The Earth’s core is an exceptionally difficult place to study. Its depths descend a staggering 2,900 kilometers—about the distance from New York City to Denver—and its extreme, otherworldly conditions are extraordinarily challenging to simulate in the lab.
For scientists like Florida State University Assistant Professor Mainak Mookherjee and his postdoctoral scholar Suraj Bajgain, whose lives’ work is to penetrate the mysteries hidden in the core’s impossible depths, these are serious and stubborn roadblocks. But in a new study published in the journal Geophysical Research Letters, Mookherjee and his team used high-powered supercomputing techniques to sidestep these obstacles and make a critical discovery about the core’s chemical composition.
Along with colleagues at Rice University and Louisiana State University, Mookherjee and Bajgain used meticulously calibrated simulations to determine the maximum amount of nitrogen that can possibly exist in the Earth’s outer core: around 2% by weight at the core-mantle boundary, and about 2.6% by weight at the inner-core boundary.
“This is an insightful exercise because it gives the upper-most bound of nitrogen in the outer core,” Mookherjee said. “We are providing a maximum constraint on the abundance of an element that is a major component of the atmosphere of a habitable planet. That’s the fundamental finding.”
Nitrogen is key to organic matter, and how nitrogen is stored in the planet’s rocky and metallic interior is a crucial but elusive piece of information. “When a planet is forming, size of the planet and how much nitrogen—or any other light element—is sucked into the core is very important,” Mookherjee said. “If you’re thinking of life as organic life, carbon and nitrogen are important constituents. But if all the nitrogen goes into the core, there’s nothing left to fuel organic life.”
Questions of which elements roil in the cauldron of the Earth’s core have long puzzled Earth scientists. Important dissonances in prevailing seismological and geochemical models have gone unexplained, and analyses of meteorites that closely model Earth’s bulk rocky material tend to suggest that we should be seeing more nitrogen in our planet’s interior. These inconsistencies provoke perplexing questions.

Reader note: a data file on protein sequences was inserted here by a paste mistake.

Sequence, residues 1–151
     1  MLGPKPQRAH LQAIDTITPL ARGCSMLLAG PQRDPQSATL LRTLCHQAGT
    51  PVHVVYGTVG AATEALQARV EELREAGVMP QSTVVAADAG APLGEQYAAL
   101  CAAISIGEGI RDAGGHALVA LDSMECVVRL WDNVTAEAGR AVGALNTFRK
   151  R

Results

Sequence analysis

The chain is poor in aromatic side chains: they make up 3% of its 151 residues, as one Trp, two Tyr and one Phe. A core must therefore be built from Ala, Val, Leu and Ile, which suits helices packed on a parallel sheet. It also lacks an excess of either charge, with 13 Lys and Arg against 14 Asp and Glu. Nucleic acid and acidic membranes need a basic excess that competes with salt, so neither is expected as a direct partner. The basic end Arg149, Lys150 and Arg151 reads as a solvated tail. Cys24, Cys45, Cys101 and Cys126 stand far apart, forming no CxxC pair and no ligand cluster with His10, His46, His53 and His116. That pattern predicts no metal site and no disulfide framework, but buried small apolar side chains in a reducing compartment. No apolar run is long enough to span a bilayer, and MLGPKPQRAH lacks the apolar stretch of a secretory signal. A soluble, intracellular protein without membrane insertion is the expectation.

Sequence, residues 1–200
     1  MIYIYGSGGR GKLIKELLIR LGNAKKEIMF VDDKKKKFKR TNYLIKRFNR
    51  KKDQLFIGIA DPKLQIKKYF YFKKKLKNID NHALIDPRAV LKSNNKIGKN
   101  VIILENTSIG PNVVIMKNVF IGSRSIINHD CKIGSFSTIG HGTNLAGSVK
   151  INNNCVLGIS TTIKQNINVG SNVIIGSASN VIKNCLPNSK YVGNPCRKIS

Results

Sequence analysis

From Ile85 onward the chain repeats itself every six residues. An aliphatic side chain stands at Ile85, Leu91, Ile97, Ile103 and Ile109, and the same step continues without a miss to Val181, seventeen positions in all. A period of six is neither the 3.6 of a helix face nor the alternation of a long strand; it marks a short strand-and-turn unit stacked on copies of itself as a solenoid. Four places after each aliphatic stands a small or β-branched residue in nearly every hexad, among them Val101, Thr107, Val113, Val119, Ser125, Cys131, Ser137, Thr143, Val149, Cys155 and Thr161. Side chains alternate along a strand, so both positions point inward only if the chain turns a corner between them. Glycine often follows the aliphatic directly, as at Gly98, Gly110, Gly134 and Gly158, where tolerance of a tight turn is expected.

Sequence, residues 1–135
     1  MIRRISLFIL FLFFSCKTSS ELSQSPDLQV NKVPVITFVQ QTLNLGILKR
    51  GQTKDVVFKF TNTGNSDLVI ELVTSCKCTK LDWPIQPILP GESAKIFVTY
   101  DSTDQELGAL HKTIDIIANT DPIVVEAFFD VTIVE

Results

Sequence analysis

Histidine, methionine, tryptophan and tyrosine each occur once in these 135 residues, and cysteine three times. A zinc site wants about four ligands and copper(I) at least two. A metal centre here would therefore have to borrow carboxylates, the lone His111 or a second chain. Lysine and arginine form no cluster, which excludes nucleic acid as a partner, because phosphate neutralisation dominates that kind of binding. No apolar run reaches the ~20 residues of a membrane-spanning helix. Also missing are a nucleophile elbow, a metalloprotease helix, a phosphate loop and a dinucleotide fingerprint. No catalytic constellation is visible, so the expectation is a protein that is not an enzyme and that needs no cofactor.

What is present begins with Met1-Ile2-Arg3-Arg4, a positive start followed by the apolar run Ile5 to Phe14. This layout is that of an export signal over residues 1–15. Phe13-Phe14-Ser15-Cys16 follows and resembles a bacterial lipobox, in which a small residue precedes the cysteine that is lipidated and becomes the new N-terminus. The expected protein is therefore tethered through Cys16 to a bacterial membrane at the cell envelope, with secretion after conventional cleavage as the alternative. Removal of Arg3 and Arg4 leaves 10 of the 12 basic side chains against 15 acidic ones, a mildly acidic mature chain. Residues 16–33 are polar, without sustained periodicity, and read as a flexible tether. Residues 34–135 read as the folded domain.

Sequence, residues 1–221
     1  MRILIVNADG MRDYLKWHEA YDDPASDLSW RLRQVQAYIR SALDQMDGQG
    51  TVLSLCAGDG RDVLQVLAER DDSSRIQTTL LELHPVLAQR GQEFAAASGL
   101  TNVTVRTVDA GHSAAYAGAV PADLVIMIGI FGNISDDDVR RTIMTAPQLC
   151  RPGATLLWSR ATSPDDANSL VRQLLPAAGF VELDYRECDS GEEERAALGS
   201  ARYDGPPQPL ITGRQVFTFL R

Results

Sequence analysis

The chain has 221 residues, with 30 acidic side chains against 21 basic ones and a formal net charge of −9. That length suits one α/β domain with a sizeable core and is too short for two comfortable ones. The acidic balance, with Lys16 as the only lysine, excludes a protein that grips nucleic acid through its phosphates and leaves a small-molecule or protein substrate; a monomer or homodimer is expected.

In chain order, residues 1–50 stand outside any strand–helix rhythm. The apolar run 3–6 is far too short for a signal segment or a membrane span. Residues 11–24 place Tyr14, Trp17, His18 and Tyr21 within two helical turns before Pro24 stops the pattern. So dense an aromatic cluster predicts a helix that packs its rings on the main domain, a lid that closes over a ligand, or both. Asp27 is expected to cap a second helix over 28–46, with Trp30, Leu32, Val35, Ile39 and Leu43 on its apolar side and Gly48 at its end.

“Geochemical evidence often points to the fact that the Earth’s interior might be depleted in terms of nitrogen inventory,” Mookherjee said. “Are we lacking it? Is it hidden in the core? These are unknowns. There are various models, but it’s impossible to access the Earth’s core, and we do not have direct evidence of the planet’s formation process, including redistribution of elements. We’re trying to make inferences by piecing evidence together.”
Mookherjee circumvented the considerable challenges of experimenting at extreme core conditions by simulating those conditions on powerful supercomputers. Using facilities at LSU, as well as the National Science Foundation’s XSEDE facility in Texas, the researchers ran a series of molecular dynamic simulations, which provide critical data on the behaviour of liquids and solids exposed to high temperature and enormous pressure.
After a battery of benchmark tests to ensure the simulations were running properly, the team added nitrogen to the system. Their goal was to identify the effects of nitrogen on the density and sound wave velocity of liquid iron at conditions analogous to the Earth’s core—readings that would better allow them to determine the core’s nitrogen content.
Ultimately, the simulations successfully revealed a first-ever, geophysical data-based hint about how much nitrogen might be trapped deep in the Earth’s inhospitable interior.
“Our estimates on the maximum limit of nitrogen in the Earth’s outer core is based on the assumption that Earth’s core is composed of an iron-nitrogen binary mixture, but more research is needed to incorporate the effect of multiple elements alloying with iron,” Mookherjee said.